What Is the Rational Basis Test (RBT)?
In an action that does not involve fundamental rights such as freedom of speech, religion, and the right to vote, the rational basis test, invented entirely by the Supreme Court, applies in all constitutional cases. Although it is named the rational basis test, the examination of government actions is not rational, nor is it a test of anything except judicial willingness to overlook misconduct by other branches of government.
RBTs are toothless for what reason? The Supreme Court has called that law the rational basis review “Entirely Irrelevant”. furthermore, those laws are, perhaps, formed based on “rational speculation with no basis in reality.”
The challenger needs to “negate every conceivable basis” for the government’s action, even if it is purely hypothetical or speculative. For the challenged law to stand, the court must see how it could serve a “legitimate” interest.
It might sound silly but let’s break it down to pieces and understand it again.
In the end, it does not matter what the government aims for. In deciding whether to uphold a law, judges do not ask what the government’s actual ends are, but instead, accept legislation if the government’s stated ends are legitimate.
Laws must be contested on every possible basis. In rational basis cases, there is no requirement for the government to prove its factual assertions by providing evidence as in cases where the standards of review are “heightened” (where “heightened” is simply a euphemism for “real”).
In reality, courts, instead of upholding laws when there is a plausible set of facts that could justify the government’s actions, may uphold laws even if no evidence of such facts existed up to that point.
Government actions are rationalized by judges. It is an egregious breach of judicial impartiality to require judges to invent reasons for the government’s actions, a violation not tolerated in any other setting.
A constitutional presumption is effectively established under the RBT for the benefit of the government. What does this result in? A hollow charade rather than meaningful judicial review. In plain sight, the Framers’ rights are trampled upon.
Unlike all other standards of review, the RBT does not seek the truth on behalf of the judicial authority.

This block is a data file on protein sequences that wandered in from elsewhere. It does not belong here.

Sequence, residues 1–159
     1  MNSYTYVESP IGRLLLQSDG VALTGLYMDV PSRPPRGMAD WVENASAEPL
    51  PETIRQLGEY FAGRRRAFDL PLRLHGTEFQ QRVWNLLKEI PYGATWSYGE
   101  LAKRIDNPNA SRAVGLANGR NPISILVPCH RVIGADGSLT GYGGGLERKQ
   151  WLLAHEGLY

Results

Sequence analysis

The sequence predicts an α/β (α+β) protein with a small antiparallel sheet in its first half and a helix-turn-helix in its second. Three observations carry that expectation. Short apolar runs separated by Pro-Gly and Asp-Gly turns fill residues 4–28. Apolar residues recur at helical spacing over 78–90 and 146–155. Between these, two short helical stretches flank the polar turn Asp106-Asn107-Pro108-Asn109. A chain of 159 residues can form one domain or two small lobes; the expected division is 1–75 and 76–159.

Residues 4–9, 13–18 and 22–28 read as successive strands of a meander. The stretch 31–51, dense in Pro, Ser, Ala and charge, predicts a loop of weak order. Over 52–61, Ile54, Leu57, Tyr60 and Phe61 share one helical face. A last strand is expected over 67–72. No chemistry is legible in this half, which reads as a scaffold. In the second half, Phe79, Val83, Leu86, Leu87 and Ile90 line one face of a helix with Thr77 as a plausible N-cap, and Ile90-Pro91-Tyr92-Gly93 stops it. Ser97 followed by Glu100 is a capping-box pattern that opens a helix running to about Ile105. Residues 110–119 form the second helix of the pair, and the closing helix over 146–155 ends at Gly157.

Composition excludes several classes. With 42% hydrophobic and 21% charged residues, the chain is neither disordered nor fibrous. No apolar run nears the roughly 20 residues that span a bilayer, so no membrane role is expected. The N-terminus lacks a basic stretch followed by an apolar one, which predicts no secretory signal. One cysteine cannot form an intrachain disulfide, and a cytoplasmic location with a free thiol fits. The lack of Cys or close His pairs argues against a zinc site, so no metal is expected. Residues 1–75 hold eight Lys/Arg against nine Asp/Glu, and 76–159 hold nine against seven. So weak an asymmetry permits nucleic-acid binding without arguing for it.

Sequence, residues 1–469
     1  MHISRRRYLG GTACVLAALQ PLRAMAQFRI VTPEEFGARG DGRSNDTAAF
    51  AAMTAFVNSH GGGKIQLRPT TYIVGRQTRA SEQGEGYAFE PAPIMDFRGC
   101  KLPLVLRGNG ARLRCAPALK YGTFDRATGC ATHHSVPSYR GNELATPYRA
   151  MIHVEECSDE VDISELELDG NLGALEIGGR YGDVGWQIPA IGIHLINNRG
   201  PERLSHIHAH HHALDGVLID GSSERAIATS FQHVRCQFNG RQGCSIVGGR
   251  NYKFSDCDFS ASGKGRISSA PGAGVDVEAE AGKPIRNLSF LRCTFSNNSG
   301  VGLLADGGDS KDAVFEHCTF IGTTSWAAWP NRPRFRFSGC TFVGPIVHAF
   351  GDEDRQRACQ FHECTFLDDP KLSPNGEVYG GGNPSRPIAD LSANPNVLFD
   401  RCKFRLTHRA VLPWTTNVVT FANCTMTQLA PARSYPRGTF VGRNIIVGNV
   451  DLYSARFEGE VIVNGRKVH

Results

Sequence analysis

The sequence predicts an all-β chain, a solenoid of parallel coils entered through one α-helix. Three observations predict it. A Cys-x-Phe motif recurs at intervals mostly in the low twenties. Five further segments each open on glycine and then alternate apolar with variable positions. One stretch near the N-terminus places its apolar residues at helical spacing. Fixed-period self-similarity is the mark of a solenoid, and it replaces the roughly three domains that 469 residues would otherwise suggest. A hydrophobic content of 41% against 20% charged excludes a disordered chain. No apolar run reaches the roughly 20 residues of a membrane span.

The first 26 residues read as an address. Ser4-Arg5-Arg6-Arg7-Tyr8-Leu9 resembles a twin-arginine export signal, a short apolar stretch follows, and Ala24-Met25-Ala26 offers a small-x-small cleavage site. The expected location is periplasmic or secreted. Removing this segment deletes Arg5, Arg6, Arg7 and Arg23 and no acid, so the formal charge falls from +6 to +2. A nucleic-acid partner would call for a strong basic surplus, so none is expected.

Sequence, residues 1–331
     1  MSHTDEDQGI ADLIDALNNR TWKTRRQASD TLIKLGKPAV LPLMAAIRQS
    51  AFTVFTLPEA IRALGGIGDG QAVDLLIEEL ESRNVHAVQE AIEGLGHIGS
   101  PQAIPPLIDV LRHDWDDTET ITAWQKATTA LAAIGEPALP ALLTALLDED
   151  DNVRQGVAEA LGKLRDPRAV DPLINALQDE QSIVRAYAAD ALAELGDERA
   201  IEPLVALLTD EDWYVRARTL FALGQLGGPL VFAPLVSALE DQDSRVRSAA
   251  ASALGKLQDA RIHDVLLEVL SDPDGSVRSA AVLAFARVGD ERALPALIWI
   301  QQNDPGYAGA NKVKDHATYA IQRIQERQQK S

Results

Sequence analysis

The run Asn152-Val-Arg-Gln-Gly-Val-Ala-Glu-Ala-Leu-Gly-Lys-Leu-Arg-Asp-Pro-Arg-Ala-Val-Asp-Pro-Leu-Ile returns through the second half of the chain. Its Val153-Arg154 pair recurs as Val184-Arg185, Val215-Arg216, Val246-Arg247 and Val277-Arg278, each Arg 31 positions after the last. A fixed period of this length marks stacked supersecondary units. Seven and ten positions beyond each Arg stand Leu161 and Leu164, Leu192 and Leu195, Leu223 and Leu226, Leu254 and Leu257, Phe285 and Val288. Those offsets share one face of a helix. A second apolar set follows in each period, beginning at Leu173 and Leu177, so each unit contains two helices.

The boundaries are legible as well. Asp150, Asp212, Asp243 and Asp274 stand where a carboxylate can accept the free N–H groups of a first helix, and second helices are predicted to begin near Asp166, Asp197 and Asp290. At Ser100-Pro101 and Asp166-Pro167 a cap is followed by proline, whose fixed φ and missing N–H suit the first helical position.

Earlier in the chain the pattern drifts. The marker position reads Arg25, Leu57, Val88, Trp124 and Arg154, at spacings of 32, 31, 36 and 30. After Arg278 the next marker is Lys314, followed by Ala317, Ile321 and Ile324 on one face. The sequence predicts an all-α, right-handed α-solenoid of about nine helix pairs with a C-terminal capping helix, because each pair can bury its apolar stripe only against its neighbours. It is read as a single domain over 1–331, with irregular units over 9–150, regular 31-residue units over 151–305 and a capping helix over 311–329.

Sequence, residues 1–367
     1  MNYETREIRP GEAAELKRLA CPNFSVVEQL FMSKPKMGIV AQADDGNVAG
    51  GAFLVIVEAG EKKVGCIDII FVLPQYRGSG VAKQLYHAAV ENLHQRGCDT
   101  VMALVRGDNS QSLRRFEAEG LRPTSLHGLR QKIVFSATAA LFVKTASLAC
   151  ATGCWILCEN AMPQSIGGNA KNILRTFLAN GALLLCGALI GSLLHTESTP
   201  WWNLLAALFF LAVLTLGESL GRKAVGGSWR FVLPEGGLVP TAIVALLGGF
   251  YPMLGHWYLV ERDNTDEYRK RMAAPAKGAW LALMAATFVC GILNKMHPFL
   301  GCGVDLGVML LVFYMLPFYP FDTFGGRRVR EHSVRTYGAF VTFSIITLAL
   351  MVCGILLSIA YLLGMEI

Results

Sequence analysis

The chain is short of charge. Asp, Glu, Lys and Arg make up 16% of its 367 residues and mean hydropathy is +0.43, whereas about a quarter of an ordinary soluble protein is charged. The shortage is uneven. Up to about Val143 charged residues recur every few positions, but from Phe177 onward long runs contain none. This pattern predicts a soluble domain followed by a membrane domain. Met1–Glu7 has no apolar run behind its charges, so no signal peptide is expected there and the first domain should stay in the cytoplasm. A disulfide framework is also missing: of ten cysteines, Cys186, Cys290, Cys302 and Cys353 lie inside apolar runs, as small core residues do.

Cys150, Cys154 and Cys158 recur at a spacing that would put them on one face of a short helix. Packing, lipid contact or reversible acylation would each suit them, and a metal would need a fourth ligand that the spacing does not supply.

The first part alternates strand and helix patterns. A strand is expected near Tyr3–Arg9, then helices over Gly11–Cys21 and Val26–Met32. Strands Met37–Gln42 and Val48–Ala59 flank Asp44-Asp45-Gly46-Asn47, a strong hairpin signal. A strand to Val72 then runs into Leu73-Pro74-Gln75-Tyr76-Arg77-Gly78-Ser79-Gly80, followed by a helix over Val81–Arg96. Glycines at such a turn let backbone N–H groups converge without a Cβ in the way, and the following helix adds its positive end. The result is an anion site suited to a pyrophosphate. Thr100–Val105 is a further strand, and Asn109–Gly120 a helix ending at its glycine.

Judges are not allowed to abandon their legal responsibility to consult with truth in any other setting, and it is inexplicable and irresponsible that the Supreme Court would tell them to do so in rational basis cases.
As a result, the RBT is judicial abdication distilled to its essence, incapable of protecting our constitutional rights.
Significance Of Rational Basis Test
In determining whether laws, orders, and regulations violate the Constitution, we use one of three levels of scrutiny. A person’s right that the government violates will dictate the level of scrutiny the Court uses, or how closely it examines a law.
The judiciary will play an important role in protecting some rights, such as free speech. A court will generally adhere to strict scrutiny when evaluating laws challenged as violations of free speech. This means that the court will only endorse a law if it can prove that it is narrowly tailored to achieve a compelling government interest.
In such cases, the Court is also likely to require a showing of discrimination against minorities classified as discrete and insular.
What The Test Requires
Statutes and ordinances must meet the rational basis test if their means and objectives are rationally related to the state’s legitimate interest.
Comparison Of Rationales
A judicial review can be conducted under the rational basis test, the intermediate scrutiny test, or the strict scrutiny test. There is an intermediate and strict scrutiny test in addition to the rational basis test.
If there are no fundamental rights at issue or suspect classifications, the rational basis test is generally applied.
The Way Forward
In these cases, the courts have continued to use this version of the rational basis test that is extremely deferential. According to the Supreme Court, when a law is subject only to rational basis scrutiny, the legislator’s motivation for passing a law does not matter. As a result, courts of appeal have upheld laws that have purely protectionist motivations.
A good example is the government’s ruling in Powers v. Harris, challenging a law that required anybody selling caskets in Oklahoma to obtain a funeral director’s license and to operate out of a licensed funeral home. The Tenth Circuit explained that Beach Communications’ protectionist motives were irrelevant.
Any reasonable basis for the law would be upheld, as long as the reason is reasonable. Many other instances highlight the lack of teeth in the rational basis test.
Hope remains, however. The federal government and state governments have both been searching for rational grounds for regulating the economy during the past few years.